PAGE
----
Hope I'm in the right place...incubating 1st time


Jul 19, 2016
Burgaw, NC
A good friend of mine brought me some eggs from his farm in Michigan. I'm in NC so they travelled a long way to get to me. He brought me a dozen eggs THAT had been "refrigerated" (around 45-50°) for a few days, 6 Americauna eggs that had been laid the day before, and 12 duck eggs.

Being the inexperienced incubation non-expert I am, I bought a Styrofoam incubator the day before he came out and only had it plugged in for about 4 hours before I thought it would be ok to put the eggs in. They were fine the first night, but the next day when I came home from work th temp had gone up to 120°! I quickly opened it and googled temps and incubation and cooled the eggs until the felt just slightly cool. I adjusted the incubator down and cheed the temp every 20 minutes or so for several hours while it came back up to temp, and kept adjusting it until it stayed at 99-101 for several hours.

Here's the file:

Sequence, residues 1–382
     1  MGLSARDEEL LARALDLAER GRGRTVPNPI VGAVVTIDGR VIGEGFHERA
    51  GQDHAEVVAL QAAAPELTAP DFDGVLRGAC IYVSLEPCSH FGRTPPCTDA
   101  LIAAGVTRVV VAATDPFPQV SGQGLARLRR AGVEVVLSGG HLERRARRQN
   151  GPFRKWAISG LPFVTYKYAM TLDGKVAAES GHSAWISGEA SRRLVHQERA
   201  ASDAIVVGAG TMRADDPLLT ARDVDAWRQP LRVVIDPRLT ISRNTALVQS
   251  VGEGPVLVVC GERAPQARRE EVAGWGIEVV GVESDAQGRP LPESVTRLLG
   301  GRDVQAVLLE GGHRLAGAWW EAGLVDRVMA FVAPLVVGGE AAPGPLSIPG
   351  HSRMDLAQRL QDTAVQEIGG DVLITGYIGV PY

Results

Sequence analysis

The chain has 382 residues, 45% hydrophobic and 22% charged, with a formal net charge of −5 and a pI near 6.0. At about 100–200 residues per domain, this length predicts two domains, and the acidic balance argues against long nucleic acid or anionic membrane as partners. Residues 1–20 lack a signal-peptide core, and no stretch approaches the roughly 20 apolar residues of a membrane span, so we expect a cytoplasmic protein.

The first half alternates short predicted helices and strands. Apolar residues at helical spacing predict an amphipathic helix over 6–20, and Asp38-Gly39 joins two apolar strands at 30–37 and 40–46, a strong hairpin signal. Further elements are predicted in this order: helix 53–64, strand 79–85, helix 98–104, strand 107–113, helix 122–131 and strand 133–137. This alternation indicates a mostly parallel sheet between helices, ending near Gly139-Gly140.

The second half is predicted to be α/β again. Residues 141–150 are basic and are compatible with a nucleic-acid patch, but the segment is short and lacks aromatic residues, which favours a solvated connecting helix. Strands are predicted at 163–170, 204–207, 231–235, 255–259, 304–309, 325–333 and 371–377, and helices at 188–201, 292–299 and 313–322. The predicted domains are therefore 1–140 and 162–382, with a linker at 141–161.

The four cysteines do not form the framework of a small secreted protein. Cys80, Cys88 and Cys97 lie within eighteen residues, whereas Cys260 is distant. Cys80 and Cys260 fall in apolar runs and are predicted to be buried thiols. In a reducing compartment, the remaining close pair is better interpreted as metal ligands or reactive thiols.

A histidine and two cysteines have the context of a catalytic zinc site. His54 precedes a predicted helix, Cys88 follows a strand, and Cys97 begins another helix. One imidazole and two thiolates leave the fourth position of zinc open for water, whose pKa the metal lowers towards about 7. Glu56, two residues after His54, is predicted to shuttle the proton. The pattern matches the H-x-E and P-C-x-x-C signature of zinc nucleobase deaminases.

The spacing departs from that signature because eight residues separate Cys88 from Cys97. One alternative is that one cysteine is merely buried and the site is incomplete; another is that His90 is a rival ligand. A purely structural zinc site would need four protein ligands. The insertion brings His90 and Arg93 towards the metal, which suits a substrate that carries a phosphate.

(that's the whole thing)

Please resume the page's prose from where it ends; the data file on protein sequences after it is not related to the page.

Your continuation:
I thought I had cooked my eggs.

Two days later, after vigilantly turning the eggs 4 Times a day and checking the temperature many, many times, I candled my eggs for the first time. They had been in the incubator for 4 days.

I saw veins in 2 eggs. I was so excited!

The next day I candled again and had 5 with veins! There were several more that seemed to be growing but I couldn't see through the shells well enough to pick out veins.

Tonight I candled again AND it seems 1 of The 5 quit...I couldn't see any veins in it.

So I have 4 I can for sure tell are developing, and several more that I am hopeful about.

All the duck eggs are still clear, but I've heard they are more difficult and I know they take longer to develop.

At any rate, I'm super, super excited to get ANY developing eggs after all they've been through!

Here is a pic I took tonight of one of the Americauna eggs!

Wow, it sounds like you dodged a bullet with the temp spike! 120 is very high, but thankfully it takes awhile for the core temperature of the eggs to rise, so a short spike should not cause any harm to the embryos.

Which of the eggs are developing? That is a nice looking embryo!

Duck eggs take up to 5 days longer to develop and hatch, depending on breed. So you must remember to keep turning them when you lock down the chicken eggs for hatching.
Yes, I feel terribly lucky. 3 of the developing eggs are from the "refridgerated" batch (2 blue, 1 Brown) and 1 was a "fresh laid" blue egg.

I will definitely remember to keep turning the duck eggs. Thank you

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